R package for working with data stored within VERIS framework
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README_files/figure-markdown_github a lot of bug fixes for 2.1 release Dec 2, 2014
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man 2.0.3: added in "exclusive" param to getenum Feb 12, 2015
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DESCRIPTION 2.0.6 fixed bug in json loading where field was not in schema. Feb 23, 2015
NAMESPACE
README.Rmd clarified getenum and getenumby in readme Dec 2, 2014
README.html
README.md clarified getenum and getenumby in readme Dec 2, 2014

README.md

verisr

This package is to support data analysis within the VERIS framework (http://veriscommunity.net). It is intended to work directly with raw JSON and can be used against the VERIS Community Database (VCDB) found at (http://veriscommunity.net/doku.php?id=public) and (https://github.com/vz-risk/VCDB).

This package has two purposes. First is to convert one or more directories of VERIS (JSON) files into a usable object (in this version it is currently a data.table, but I hope to move to a dplyr object). Second, it offers a set of convenience functions for doing basic information retrieval from the object.

Install it from straight from github:

# install devtools from https://github.com/hadley/devtools
devtools::install_github("jayjacobs/verisr")

To begin, load the package and point it at a directory of JSON files storing VERIS data.

library(verisr)
vcdb.dir <- "../VCDB/data/json/"
# may optionally load a custom json schema file.
if (interactive()) { # show progress bar if the session is interactive
  vcdb <- json2veris(vcdb.dir, progressbar=TRUE)
} else {
  vcdb <- json2veris(vcdb.dir)  
}

You can also use a vector of directory names to load files from multiple sources

library(verisr)
data_dirs <- c("../VCDB/data/json", "private_data")
veris <- json2veris(data_dirs)

What json2veris() returns is a plain data.table object, which enables you (the developer) to work directly with the data.

class(vcdb)
## [1] "verisr"     "data.table" "data.frame"
dim(vcdb)
## [1] 4313 1705

There are several convenience functions to get a feel for what's in the current verisr object.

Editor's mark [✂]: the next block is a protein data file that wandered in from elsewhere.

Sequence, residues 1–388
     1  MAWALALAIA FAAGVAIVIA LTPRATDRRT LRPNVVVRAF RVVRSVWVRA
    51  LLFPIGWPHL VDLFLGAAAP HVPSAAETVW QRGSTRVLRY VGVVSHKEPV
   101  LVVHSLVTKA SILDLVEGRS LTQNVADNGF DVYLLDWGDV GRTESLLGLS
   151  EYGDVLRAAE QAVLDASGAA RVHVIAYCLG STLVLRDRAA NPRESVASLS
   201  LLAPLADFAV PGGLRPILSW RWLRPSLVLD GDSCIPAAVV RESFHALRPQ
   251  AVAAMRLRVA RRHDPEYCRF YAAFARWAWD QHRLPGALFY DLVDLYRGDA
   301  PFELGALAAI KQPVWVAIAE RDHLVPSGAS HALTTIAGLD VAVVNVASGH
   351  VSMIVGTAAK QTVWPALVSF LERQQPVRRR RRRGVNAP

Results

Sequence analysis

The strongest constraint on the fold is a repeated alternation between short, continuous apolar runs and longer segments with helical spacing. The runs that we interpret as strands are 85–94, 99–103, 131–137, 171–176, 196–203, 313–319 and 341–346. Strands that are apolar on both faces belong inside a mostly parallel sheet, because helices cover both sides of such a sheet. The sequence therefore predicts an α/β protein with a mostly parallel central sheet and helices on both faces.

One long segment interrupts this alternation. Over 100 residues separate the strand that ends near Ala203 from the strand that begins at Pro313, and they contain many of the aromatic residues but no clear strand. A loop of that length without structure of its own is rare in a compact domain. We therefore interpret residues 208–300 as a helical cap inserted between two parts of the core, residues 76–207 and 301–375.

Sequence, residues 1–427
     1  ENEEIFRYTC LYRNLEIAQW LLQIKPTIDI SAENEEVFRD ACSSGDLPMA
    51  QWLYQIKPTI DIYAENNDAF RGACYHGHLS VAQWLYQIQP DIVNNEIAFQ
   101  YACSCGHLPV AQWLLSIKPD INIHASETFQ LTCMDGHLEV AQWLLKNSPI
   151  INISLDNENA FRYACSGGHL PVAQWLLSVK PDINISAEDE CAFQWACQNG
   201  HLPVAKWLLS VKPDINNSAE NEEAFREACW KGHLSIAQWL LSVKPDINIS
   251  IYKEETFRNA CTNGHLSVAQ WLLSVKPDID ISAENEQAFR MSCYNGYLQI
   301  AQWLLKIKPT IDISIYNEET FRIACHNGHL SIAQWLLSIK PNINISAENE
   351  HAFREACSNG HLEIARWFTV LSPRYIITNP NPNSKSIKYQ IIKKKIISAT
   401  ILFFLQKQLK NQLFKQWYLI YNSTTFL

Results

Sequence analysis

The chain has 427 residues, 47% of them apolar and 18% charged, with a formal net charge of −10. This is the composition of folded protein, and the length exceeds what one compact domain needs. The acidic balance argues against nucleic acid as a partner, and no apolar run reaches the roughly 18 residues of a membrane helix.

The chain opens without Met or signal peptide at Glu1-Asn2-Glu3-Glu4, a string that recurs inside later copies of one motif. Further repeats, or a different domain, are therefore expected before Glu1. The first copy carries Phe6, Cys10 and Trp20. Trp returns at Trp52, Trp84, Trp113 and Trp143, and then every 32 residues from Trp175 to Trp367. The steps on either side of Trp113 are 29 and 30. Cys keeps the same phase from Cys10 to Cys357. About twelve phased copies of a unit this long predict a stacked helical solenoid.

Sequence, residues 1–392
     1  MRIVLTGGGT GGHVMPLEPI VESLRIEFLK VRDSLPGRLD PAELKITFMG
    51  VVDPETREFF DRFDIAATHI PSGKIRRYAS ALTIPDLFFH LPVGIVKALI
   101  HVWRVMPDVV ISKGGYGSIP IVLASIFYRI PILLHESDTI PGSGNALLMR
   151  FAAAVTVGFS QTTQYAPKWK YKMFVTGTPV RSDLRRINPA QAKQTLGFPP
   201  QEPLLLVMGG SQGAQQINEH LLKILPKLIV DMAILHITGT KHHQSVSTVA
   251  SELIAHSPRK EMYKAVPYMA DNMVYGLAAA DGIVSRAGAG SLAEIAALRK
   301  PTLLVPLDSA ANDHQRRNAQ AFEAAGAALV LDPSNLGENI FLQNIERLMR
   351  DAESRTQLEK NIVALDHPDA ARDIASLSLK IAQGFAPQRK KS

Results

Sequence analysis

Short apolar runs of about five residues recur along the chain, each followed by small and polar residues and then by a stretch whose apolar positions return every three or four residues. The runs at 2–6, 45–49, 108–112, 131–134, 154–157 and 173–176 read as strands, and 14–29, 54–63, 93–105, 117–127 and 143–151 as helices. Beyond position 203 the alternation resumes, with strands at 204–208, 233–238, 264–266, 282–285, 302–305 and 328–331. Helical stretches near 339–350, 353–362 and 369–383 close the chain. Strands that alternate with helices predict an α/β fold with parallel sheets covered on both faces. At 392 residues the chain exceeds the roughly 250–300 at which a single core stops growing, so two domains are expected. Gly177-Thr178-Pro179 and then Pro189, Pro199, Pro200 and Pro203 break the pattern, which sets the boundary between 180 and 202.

summary(vcdb)
## 4313 incidents in this object.

##       actor                action            asset     
##  External:2300   Environmental:   7   Kiosk/Term: 100  
##  Internal:1756   Error        :1176   Media     :1185  
##  Partner : 184   Hacking      :1353   Network   : 126  
##  Unknown : 150   Malware      : 353   Person    : 325  
##                  Misuse       : 747   Server    :1969  
##                  Physical     : 813   Unknown   : 375  
##                  Social       : 303   User Dev  : 930  
##                  Unknown      : 167                    
##                                                        
##            attribute   
##  Availability   :1384  
##  Confidentiality:3901  
##  Integrity      : 974  
##                        
##                        
##                        
##                        
##                        
## 
library(ggplot2)
plot(vcdb)

plot of chunk basic-plot

Let's look for a specific variable by getting the data aggregated on a VERIS enumeration. In this case the variety of external actor.

ext.variety <- getenum(vcdb, "actor.external.variety")
print(ext.variety)
##                 enum    x    n      freq
##  1:     Acquaintance    2 2300 0.0008696
##  2:         Activist  393 2300 0.1708696
##  3:          Auditor    0 2300 0.0000000
##  4:       Competitor    8 2300 0.0034783
##  5:         Customer    6 2300 0.0026087
##  6:    Force majeure   16 2300 0.0069565
##  7:  Former employee   28 2300 0.0121739
##  8:     Nation-state   25 2300 0.0108696
##  9:  Organized crime  114 2300 0.0495652
## 10:            Other   23 2300 0.0100000